Chi in Tai Chi Chuan refers to internal intrinsic energy. It is a mix of highly concentrated chemical energy that exists inside the body. The Chinese call it (Yuan-Chi”元氣”), the original life energy, which is inherent with our birth. It is very important to us: without it we are not able to function. It is required for mental and physical capability, without it we cannot talk, walk or think. Life would be like a living death e.g., (a coma or vegetative state). When the body moves, a chemical reaction takes place. This energy conversion increases the compression in the body. When it is defused, compression is decreased.
This Yuan-Chi is the same as our breath or “internal gas”. The breath gives us energy to talk, to think or perform mental and physical actions. Breath is not breathing. A person who runs for a couple of blocks to catch a train may not be able to talk when the cell phone rings because he is out breath, but he is still breathing. When a fighter in the ring and is out of breath, he cannot fight back. The ring announcer will announce that the fighter is out of gas. Therefore, the breath is an internal gas.
This internal energy, Yuan-Chi can pressurize our body to sit or stand up, as well as generate high speed for powerful punches and kicks. This trains the body to absorb punches and kicks and is called “iron shirt” (鐵布衫) by Chinese martial artists. Yuan-Chi, breath or internal gas without an adequate oxygen supply and the power of mind, is useless. For example, when we are asleep, the body has no compression, the pressure level low, and the body has no resistance; it is like a flat tire. If we have enough energy and but the mind is too weak, asleep or unconscious, the body will not be able to function. Mental awareness and physical fit are needed for the pressurization of energy.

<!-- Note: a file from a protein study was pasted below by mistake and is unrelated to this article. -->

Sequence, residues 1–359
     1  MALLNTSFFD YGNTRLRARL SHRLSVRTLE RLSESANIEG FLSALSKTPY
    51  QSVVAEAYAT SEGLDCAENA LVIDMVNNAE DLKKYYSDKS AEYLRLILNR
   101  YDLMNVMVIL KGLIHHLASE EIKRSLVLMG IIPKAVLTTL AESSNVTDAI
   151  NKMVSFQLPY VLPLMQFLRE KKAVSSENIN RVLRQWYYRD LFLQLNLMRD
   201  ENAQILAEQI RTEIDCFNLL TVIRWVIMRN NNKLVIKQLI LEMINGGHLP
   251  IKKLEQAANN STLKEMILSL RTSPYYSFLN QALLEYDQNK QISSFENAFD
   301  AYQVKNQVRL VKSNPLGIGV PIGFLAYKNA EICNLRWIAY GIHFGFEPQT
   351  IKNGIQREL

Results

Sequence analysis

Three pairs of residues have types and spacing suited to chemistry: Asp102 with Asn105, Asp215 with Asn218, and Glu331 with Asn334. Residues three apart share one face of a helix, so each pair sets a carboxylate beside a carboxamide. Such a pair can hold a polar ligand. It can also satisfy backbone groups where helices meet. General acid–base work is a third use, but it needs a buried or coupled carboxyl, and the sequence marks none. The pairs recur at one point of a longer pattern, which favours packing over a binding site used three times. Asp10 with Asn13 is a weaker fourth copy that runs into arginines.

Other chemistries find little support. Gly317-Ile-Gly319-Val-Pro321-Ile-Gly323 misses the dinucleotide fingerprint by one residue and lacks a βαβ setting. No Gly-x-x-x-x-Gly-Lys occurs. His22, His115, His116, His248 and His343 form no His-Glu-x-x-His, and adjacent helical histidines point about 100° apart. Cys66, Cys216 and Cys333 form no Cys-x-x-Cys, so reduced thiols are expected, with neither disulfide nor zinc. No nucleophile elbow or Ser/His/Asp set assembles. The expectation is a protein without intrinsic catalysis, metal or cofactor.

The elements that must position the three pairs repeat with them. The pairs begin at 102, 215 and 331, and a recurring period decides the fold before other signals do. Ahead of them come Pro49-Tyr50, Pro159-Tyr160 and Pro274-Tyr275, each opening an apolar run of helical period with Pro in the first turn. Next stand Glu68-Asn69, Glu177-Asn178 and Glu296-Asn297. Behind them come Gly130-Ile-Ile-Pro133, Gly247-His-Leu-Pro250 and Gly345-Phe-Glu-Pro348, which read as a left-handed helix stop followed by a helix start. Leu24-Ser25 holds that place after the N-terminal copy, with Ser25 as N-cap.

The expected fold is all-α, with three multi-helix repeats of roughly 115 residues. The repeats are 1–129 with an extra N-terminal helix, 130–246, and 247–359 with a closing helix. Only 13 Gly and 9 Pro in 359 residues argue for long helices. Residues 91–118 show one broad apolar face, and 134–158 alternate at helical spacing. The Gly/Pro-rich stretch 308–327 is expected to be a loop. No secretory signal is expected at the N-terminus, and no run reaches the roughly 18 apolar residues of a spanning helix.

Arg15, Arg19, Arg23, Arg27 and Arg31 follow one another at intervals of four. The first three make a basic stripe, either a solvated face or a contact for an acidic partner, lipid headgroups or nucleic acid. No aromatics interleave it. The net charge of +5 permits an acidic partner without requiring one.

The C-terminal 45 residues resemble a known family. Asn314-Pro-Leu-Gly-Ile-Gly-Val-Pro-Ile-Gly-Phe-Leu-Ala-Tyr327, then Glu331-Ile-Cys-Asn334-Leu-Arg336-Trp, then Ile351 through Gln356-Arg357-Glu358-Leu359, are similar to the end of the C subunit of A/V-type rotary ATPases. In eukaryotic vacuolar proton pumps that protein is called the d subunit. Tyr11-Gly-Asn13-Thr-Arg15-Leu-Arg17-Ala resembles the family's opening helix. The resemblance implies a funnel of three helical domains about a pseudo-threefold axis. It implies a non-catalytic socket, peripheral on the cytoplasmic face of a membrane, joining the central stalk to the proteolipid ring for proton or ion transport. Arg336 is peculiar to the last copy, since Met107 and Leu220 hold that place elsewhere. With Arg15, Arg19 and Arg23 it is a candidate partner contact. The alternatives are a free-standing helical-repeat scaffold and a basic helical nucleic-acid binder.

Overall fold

This is the same as a ball, without compressed air, it will be flat. An automobile tire is useless without air pressure. Yuan-Chi, the breath, internal gas and mind without adequate the oxygen is the same as having nice dry wood that cannot burn without it. Breathing in the oxygen is very important to our physical health, mental activities and to life itself.
With every inhalation the amount oxygen we receive into the lungs is only 21%. If we inhale a small amount of energy Air, it will have a small amount the 21% oxygen. But if we inhale a big amount of energy Air, we will obtain a bigger amount of the 21% of the Oxygen. The gentle, deep and fully inhalation in the movements of Tai Chi Chuan, will receive a greater volume of 21% oxygen in the lungs. Adequate oxygen we have in our system, the more energy we produce. That helps prevent diseases, repair tissues and remove cancerous.
When we inhale and the oxygen enters the lungs, the mind is energized and “wakes up.” When we exhale, waste gas is dispelled, the mind is de-energized and it “falls asleep.” As we say “yes,” the body straightens and the torso is vertical upright. When we say “No,” we exhale, the hips sag and the torso tilts forward slightly. Similarly, as we decide we are going to do something, we inhale. When we do not want to do something, we exhale. While we are drinking or sipping coffee, tea or a nice wine, we neither inhale nor exhale, but immediately after the sip or drink, we exhale.